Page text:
Seed saving at Winchester P.S. during garden club
Ah yes, the first notable snowfall in Toronto befall the city last week (and more was dumped yesterday!). Thankfully, we have put hoop houses on many of our garden beds at all of the schools, to extend the life of some of the greens.
One might think that garden programming ends when it gets cold outside, but not true at all! In fact, not only are children able to extend the growing season with aforementioned hoop houses, made out of hula hoops, recycled telephone wire, thick clear plastic and office clips, but also seed more leafy greens, collect seeds for next spring, and continue composting.
The neat thing about composting in the winter, is that if it stays active (i.e. hot!) with food waste from the school cafeteria, it releases a lot of steam which always amazes the children and keeps our worm friends warm and toasty in their squirms — that is what we call a cluster of worms that form a ball. And better yet, we will have beautiful fresh compost ready in early spring!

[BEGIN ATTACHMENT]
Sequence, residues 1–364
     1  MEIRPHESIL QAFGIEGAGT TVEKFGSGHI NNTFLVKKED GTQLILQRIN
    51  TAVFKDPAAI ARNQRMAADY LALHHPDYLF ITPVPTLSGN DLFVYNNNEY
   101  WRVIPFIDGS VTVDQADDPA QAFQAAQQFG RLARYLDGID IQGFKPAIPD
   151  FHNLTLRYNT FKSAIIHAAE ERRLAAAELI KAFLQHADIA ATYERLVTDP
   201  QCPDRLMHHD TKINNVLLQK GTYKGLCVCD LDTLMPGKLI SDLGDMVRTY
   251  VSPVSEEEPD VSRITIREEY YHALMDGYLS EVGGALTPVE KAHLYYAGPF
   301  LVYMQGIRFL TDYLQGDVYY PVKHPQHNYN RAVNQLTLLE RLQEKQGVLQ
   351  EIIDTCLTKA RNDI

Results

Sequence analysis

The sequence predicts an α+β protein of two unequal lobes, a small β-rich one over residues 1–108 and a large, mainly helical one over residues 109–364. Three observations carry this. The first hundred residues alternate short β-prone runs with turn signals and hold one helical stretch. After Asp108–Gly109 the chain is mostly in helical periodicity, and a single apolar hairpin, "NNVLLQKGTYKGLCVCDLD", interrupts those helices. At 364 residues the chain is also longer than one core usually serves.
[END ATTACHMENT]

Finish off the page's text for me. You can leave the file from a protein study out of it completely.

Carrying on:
Rose Ave. P.S. earth blocks
On another note what makes the three new earth block beds (from our favourite sustainable builder andl farmer friend Henry from Fifth Wind) at Rose Avenue P.S. especially delightful, apart from the fact that they will be able to support more sun-loving plants next year, is that they have taken over the space where there used to be a parking lot. Food plants 1, Automobiles 0.
As such, the gardens remain a wonder in the winter. Children love peeking underneath the hoop houses to see if the seedlings have grown since the last time they checked and they love to crawl & hide behind bushes, and look around and see what life might still thrive under these cold conditions amongst the trees, shrubs, rocks and frozen plants. And we are also grateful for the volunteers who’ve been able to come out to help in outdoor programs!
Oh! I almost forgot to post the link to a video that Mehrdad, one of our 2010 OISE teacher candidates, made over the spring and summer. This video of School Food Gardens in East downtown Toronto shows how school food gardens addresses various food security issues. Please go to our YouTube link here. And maybe the video will warm you up a bit, putting you in that spring time/summer frame of mind. Although it is a beautiful winter day if you ask me!
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